Having always been interested, both personally and professionally, in this part of the world, I had studied Hebrew and Arabic and found the Ugarites, with their closely related Semitic language, a fascinating bunch. My class looked briefly at the culture and art of the place, but then we got into the snippets of diplomatic correspondence that had survived the fiery downfall of the city in the early twelfth century BCE. That’s when my eyes really lit up.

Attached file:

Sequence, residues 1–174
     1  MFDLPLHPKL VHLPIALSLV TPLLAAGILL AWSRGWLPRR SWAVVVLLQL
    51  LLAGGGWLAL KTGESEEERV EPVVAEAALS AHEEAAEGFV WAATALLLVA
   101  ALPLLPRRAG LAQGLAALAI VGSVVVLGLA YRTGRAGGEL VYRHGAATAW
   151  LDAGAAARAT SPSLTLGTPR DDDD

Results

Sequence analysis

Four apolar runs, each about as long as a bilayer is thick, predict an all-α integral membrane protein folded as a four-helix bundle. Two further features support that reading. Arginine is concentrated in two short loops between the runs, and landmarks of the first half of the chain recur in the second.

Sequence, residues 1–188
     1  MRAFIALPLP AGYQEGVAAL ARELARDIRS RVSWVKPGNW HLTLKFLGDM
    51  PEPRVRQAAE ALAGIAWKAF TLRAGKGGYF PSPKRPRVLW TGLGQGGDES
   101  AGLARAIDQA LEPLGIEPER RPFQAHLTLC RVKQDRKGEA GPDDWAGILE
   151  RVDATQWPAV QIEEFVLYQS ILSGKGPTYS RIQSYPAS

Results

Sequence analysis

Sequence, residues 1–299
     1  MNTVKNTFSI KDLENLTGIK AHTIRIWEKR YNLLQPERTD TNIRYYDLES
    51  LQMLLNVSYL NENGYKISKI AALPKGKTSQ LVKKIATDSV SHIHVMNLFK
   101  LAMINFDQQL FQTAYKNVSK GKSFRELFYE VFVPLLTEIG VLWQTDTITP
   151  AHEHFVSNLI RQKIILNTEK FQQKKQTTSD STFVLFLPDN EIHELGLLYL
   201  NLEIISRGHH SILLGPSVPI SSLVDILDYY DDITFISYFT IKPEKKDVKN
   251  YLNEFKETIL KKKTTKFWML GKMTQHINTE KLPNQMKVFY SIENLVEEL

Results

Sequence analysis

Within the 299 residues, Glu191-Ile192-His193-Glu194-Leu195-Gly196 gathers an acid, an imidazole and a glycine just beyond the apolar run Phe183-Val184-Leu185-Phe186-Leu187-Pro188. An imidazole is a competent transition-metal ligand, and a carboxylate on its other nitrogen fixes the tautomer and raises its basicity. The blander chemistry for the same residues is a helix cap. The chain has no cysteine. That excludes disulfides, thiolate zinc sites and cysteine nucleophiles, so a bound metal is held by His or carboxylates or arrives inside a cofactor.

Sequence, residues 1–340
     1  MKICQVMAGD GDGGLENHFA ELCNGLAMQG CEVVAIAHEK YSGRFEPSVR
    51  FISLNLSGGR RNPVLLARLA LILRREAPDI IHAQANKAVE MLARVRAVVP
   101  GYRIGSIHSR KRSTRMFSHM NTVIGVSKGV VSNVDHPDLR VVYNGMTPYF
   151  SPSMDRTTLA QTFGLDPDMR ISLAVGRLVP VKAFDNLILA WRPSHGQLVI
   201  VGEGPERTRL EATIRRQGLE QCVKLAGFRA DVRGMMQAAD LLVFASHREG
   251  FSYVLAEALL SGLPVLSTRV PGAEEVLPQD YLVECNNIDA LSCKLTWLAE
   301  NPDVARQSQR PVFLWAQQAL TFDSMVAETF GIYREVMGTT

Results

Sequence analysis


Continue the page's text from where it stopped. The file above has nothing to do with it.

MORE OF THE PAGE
Modern historians are indebted to the violent end of Ugarit, because the conflagration that spelled a permanent finish to its habitation also baked the clay tablets that made up its archives. Piecemeal and random though they are, they have given us incomparable glimpses into the diplomatic doings of Ugarit and its neighbors near the end of its days. One of the most interesting events, described partially in a number of different fragments, was King Ammishtamru’s divorce from his Amurrite queen, a Hittite princess through her mother. What on earth had she done, that such a prestigious princess would be cast off? It turns out there were inklings of sedition… and adultery. At first she was sent home to neighboring Amurru. But then the king extradited her and had her put to death. Their small son had to relinquish any claim to the succession.